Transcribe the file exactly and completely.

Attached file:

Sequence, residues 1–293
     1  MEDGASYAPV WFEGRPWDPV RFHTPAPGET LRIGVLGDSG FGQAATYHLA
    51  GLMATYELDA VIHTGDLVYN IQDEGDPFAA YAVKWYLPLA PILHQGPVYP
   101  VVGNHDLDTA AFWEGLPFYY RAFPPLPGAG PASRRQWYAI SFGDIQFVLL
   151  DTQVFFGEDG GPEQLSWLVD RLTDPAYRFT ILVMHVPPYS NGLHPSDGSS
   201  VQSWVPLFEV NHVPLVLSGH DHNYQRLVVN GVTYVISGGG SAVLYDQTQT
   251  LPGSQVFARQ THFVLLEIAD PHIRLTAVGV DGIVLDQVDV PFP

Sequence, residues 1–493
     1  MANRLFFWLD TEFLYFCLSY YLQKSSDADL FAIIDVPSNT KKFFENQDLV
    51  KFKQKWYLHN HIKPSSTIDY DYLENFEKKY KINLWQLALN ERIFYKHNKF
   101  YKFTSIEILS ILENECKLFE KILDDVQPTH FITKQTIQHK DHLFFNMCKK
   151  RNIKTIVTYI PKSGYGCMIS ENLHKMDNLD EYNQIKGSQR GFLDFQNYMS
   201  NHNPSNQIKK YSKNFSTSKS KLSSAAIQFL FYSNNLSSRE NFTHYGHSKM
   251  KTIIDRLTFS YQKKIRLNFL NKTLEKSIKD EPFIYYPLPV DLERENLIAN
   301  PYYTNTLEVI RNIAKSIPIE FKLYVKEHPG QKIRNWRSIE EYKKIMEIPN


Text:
Sequence, residues 1–293
     1  MEDGASYAPV WFEGRPWDPV RFHTPAPGET LRIGVLGDSG FGQAATYHLA
    51  GLMATYELDA VIHTGDLVYN IQDEGDPFAA YAVKWYLPLA PILHQGPVYP
   101  VVGNHDLDTA AFWEGLPFYY RAFPPLPGAG PASRRQWYAI SFGDIQFVLL
   151  DTQVFFGEDG GPEQLSWLVD RLTDPAYRFT ILVMHVPPYS NGLHPSDGSS
   201  VQSWVPLFEV NHVPLVLSGH DHNYQRLVVN GVTYVISGGG SAVLYDQTQT
   251  LPGSQVFARQ THFVLLEIAD PHIRLTAVGV DGIVLDQVDV PFP

Sequence, residues 1–493
     1  MANRLFFWLD TEFLYFCLSY YLQKSSDADL FAIIDVPSNT KKFFENQDLV
    51  KFKQKWYLHN HIKPSSTIDY DYLENFEKKY KINLWQLALN ERIFYKHNKF
   101  YKFTSIEILS ILENECKLFE KILDDVQPTH FITKQTIQHK DHLFFNMCKK
   151  RNIKTIVTYI PKSGYGCMIS ENLHKMDNLD EYNQIKGSQR GFLDFQNYMS
   201  NHNPSNQIKK YSKNFSTSKS KLSSAAIQFL FYSNNLSSRE NFTHYGHSKM
   251  KTIIDRLTFS YQKKIRLNFL NKTLEKSIKD EPFIYYPLPV DLERENLIAN
   301  PYYTNTLEVI RNIAKSIPIE FKLYVKEHPG QKIRNWRSIE EYKKIMEIPN